2. For TA benefits, please contact Katy Shaw at (503) 517-1888 or kshaw@westernseminary.edu.

WHAT IF I CAN’T AFFORD TO PAY FOR ALL OF MY TUITION AT ONCE?

3. Research and apply for these benefits online at: • http://www.gibill.va.gov • http://vabenefits.vba.va.gov/vonapp/ main.asp • http://www.military.com/education

For students who are not able to pay their tuition in full at the beginning of a semester, a monthly payment plan is available. This plan is administered by Sallie Mae and payments are made directly to Sallie Mae, not to the seminary. There is a one-time charge (either annually or per semester, depending on your use of the service) but if payments are made on time, ther is no interest charge for using this plan. For more information about how the plan works or to sign up, visit westernseminary.edu/Aid and click on the link to “Monthly Payment Plan.”

4.

38

Ashley Mitchell, Student Services Coordinator, is also available to assist veterans with their transition to Western. Her contact information is (503) 517-1819 or amitchell@ westernseminary.edu.

Links for the following are also available on our website: • Air Force Tuition Assistance • Army Tuition Assistance • Navy Tuition Assistance • Marines Tuition Assistance • Coast Guard Tuition Assistance • National Guard Tuition Assistance • Reserve Tuition Assistance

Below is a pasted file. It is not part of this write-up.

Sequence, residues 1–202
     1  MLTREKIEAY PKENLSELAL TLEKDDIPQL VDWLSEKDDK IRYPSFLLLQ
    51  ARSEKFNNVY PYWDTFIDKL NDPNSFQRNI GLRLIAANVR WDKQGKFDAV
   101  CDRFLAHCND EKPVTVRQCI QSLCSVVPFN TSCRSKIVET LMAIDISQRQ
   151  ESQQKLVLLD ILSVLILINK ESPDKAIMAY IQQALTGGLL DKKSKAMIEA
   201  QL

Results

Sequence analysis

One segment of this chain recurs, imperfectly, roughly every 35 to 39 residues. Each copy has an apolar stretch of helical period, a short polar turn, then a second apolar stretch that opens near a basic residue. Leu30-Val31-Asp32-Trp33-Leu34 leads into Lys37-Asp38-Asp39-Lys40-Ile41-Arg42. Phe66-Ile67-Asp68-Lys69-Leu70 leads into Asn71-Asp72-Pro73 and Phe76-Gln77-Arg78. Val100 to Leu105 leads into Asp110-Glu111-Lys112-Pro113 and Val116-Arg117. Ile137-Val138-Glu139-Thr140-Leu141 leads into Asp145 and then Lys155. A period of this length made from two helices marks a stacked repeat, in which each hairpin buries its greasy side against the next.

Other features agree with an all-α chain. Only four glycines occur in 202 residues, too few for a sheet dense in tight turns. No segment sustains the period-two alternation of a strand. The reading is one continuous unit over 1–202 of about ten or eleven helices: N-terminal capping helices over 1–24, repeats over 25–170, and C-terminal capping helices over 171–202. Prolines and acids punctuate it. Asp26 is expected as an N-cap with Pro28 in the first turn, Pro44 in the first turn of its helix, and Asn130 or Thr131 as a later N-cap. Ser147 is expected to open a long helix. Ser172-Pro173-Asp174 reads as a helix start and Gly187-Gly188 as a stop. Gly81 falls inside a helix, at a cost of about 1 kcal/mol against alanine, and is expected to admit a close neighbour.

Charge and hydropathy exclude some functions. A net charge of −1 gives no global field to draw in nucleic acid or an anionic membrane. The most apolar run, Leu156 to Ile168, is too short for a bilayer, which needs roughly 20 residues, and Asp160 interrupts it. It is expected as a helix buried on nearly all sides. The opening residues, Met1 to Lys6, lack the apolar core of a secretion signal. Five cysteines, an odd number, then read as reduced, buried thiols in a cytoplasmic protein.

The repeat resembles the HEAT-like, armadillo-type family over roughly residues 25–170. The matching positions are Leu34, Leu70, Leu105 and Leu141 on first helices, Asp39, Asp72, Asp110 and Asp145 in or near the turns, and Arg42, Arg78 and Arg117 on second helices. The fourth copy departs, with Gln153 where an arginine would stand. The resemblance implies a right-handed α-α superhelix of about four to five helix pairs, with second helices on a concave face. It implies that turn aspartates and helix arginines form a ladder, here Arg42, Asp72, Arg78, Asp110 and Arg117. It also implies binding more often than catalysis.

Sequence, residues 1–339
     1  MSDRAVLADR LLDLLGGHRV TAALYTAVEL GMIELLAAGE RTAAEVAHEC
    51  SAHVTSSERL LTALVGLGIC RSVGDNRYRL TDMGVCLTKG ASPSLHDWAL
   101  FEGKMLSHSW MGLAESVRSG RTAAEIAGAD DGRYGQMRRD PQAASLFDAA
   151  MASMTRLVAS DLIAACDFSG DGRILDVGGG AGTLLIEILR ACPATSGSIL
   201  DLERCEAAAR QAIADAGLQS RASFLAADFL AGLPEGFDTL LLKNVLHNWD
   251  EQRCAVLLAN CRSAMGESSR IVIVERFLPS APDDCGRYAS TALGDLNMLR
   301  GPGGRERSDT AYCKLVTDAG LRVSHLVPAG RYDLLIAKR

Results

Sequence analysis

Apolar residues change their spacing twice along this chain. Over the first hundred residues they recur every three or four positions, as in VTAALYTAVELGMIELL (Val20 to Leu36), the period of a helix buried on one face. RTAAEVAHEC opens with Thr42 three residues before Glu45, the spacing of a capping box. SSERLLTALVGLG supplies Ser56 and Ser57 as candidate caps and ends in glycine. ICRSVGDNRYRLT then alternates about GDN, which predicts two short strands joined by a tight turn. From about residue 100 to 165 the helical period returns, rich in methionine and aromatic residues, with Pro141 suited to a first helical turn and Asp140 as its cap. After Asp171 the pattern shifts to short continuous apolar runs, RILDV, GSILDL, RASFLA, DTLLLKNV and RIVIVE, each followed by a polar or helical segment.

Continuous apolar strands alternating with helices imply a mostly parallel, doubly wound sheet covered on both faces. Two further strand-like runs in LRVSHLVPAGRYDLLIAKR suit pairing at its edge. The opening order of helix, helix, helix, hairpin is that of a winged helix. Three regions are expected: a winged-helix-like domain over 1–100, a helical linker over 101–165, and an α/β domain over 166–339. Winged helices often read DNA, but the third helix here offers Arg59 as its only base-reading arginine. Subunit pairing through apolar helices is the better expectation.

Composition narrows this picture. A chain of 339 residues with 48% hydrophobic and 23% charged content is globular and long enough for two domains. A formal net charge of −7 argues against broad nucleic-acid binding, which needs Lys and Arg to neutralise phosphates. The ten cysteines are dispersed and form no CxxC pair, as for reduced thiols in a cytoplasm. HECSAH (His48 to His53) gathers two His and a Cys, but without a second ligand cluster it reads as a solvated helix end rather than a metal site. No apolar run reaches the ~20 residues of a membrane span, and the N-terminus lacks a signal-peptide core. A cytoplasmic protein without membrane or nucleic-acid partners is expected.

WHEN IS MY ACCOUNT CONSIDERED DELINQUENT? If payment is not received by the due date, your account is considered delinquent. Late fees begin to apply to balances that are four weeks delinquent, according to the specified amounts listed above.


CANCELLATION OF REGISTRATION FOR NON-PAYMENT A student may not register for classes, secure grade reports or transcripts or attend classes in any subsequent semester if they have not completed payment for courses already taken. If a student is delinquent on their account, the Seminary reserves the right to cancel registration for non-payment. Western Seminary does not have individual payment plans for students who are currently enrolled. If a student’s registration is cancelled, the student may not reenroll until their account is cleared and appropriate payment has been made for new enrollment. Notification of cancellation of registration will be sent by the Business Office via email. Students should contact the Business Office with questions.